“The government called on engineers for proposals to generate large amounts of electricity from the Severn. I spent 18 months full time devising and developing the idea, and had to raise a mortgage. This was a totally new concept in tidal power generation,” said Evans. The design requires more turbines than a large barrage but Evans said it saves greatly on weight of concrete in the foundations and installation costs.

Armstrong-Evans is one of the fathers of British marine energy and has developed hundreds of hydroelectric schemes around the world. He calculates that his idea would cut Britain’s carbon emissions by around 12m tonnes a year, create more than 30,000 jobs during construction and give a global lead for local manufacturing companies.

“The idea was entered in good faith into the government’s competition. The Atkins proposal is the same as the one I put in. It’s a dead crib. They call it a low head scheme and I call it a reef but it’s the same,” he said.

Armstrong-Evans yesterday accused the government of working for the two multinationals companies. “I smelled a rat when I did a presentation to the Department of Energy and Climate Change. They were fast asleep and had only two questions for me. I thought, at worst, that they would be a collaboration between me and Rolls-Royce. But I got a phone call saying I had not been selected.” He was further dismayed that Rolls-Royce refused to collaborate with him.

“The reef is a completely new idea for tidal energy. I took out 16 patents, but they are only as good as you are prepared to fight for. The little man does not stand a chance. … and yet, let me tell you, I was quite happy to give the idea to the nation for free.”

And now the ideas of Pat, which – being in pictorial form- are even easier to copy, along with further details on the Freeflow69 website. I asked him if his company would be making an application to deliver the new scheme for the Crown and he said no. I imagine his reasons are similar to Rupert.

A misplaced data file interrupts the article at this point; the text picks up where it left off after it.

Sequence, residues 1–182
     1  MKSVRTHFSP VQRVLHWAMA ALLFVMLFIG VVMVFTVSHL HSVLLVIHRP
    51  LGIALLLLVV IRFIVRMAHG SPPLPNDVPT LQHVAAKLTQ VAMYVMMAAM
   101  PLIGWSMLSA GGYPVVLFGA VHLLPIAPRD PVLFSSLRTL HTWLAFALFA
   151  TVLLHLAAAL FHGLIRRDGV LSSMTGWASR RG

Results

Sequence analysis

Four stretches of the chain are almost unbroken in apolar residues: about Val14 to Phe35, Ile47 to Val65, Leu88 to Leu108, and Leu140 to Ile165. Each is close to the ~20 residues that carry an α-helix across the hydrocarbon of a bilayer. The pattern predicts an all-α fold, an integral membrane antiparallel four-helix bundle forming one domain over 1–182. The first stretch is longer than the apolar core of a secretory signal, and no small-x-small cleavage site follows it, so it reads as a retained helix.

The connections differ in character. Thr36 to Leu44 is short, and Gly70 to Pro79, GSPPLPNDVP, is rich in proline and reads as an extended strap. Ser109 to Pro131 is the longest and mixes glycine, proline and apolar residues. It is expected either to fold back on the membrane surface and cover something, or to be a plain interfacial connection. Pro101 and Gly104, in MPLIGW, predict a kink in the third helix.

Freeflow web page continues

There are at least five perfect locations for the OHEG, such as in the Bristol Channel and Severn estuary, where there are National Grid connections on the site. This happens to be one of the best places in the world to harness tidal power.

“The new Energy Rig would be in multiples of 10 to 20 units, creating an Energy Rig farm. It would work efficiently in many sites throughout the UK and have a truly world market.”

“Both systems could significantly help the UK achieve its renewable energy targets and create a lot of jobs in the Southwest as well as contributing to a new green growth in the economy. Investors wanting to find out more about either project and the funding opportunities should call Pat Cooke (number and email available from Caroline).

British Lithium and Imerys, public event

The date of this was Tuesday June 18th and I want to thank a new reader, Judith from Lostwithiel, for alerting me to it via Facebook. There was so much content, I definitely had to hold it over to this week.

When I arrived early at Penwithick Community Hall, I realised I was being a bit unfair, because the team were still in hectic mode, setting up. So, I went out in the sun for a bit and then entered as their first guest. Taking out the phone, as usual, I recorded a walk-by with explanations in a film, plus afterwards a sound recording with 2 experts.

First, let me share their introduction from

Imerys British Lithium plans to use its technology and an existing hard rock quarry, alongside a processing plant and lithium refinery to produce over 20,000 tonnes of battery-grade lithium carbonate every year, for at least 20 years. This is enough to supply over half a million electric car batteries every year.

The project will prioritise environmental protection, benefit to the local community and wider socio-economic benefit to Cornwall. It will be delivered in consultation with all local and national stakeholders – while aligning with the IRMA benchmark – the international reference certification for responsible mining.  Imerys British Lithium believes in building good relationships with government, communities and local stakeholders and rigorously adheres to World Bank environmental and social policies.